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Knowledge is power? Think again.

In the most recent issue of the Review, Kathryne M. Young and Katie R. Billings reported on their study of people’s willingness to assert rights in a variety of encounters with police, including interrogations, home searches, and car searches.  They found that not only is knowledge of constitutional rights unrelated to rights assertion,[1] but patterns of police-citizen interactions are related to social class.  People from modest backgrounds were likely to approach police stops with more willingness to help the police and more skepticism that police would heed their rights assertions.  People from upper-middle-class backgrounds, on the other hand, brought a greater sense of entitlement and self-directedness to these interactions, making them more likely to assert their rights. Their findings contravene the U.S. Supreme Court’s long-held assumption that informing people about a constitutional right means they will be empowered to assert that right.  Not so —hidden social processes actually render people with lower socioeconomic status more vulnerable to arrest and prosecution than their well-off counterparts. 

The authors root their work in studies of legal consciousness—how people experience, think about, and use the law.  They demonstrate that using cultural capital as a lens to understand how legal consciousness works reveals social processes through which the law produces, perpetuates, and reifies inequality.  Just as social class and cultural capital shape people’s interactions with education[2] and medicine,[3] they shape people’s interactions with law, which has important implications for access to civil and criminal justice.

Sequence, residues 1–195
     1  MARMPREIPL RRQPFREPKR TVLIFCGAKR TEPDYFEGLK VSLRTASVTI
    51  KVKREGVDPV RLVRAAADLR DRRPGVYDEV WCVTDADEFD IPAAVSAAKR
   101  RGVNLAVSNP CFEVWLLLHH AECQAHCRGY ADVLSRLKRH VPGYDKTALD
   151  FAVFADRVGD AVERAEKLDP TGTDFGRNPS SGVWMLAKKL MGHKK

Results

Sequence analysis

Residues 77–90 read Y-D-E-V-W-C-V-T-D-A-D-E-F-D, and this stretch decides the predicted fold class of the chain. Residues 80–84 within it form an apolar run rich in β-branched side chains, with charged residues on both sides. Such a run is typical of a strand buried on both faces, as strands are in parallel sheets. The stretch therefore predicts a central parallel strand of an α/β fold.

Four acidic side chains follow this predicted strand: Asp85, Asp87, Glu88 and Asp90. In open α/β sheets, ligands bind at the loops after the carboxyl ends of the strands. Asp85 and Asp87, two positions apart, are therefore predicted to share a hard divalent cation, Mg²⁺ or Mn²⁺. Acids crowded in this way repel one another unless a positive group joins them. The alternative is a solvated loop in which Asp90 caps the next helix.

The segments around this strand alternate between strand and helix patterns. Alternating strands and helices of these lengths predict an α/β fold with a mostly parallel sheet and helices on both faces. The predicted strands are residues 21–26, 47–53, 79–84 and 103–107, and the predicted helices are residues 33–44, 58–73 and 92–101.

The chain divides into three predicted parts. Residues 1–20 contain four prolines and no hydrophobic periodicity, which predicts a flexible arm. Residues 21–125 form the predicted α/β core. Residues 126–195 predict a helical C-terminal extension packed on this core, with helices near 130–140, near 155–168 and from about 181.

[1] Young, Kathryne M. and Christin L. Munsch. 2014. “Fact and Fiction in Constitutional Criminal Procedure.” South Carolina Law Review 66: 445–90.
[2] Calarco, Jessica McCrory, 2018, Negotiating Opportunities: How the Middle Class Secures Advantages in School. New York: Oxford University Press; Jack, Anthony Abraham, 2016, “(No) Harm in Asking: Class, Acquired Cultural Capital, and Academic Engagement at an Elite University,” 89 Sociology of Education 1–19.
[3] Lareau, Annette, 2011, Unequal Childhoods: Class, Race, and Family Life, Berkeley and Los Angeles: University of California Press; Dubbin, Leslie A., Jamie Suki Chang, and Janet K. Shim, 2013, “Cultural Health Capital and the Interactional Dynamics of Patient-Centered Care,” 93 Social Science & Medicine 113­–20.

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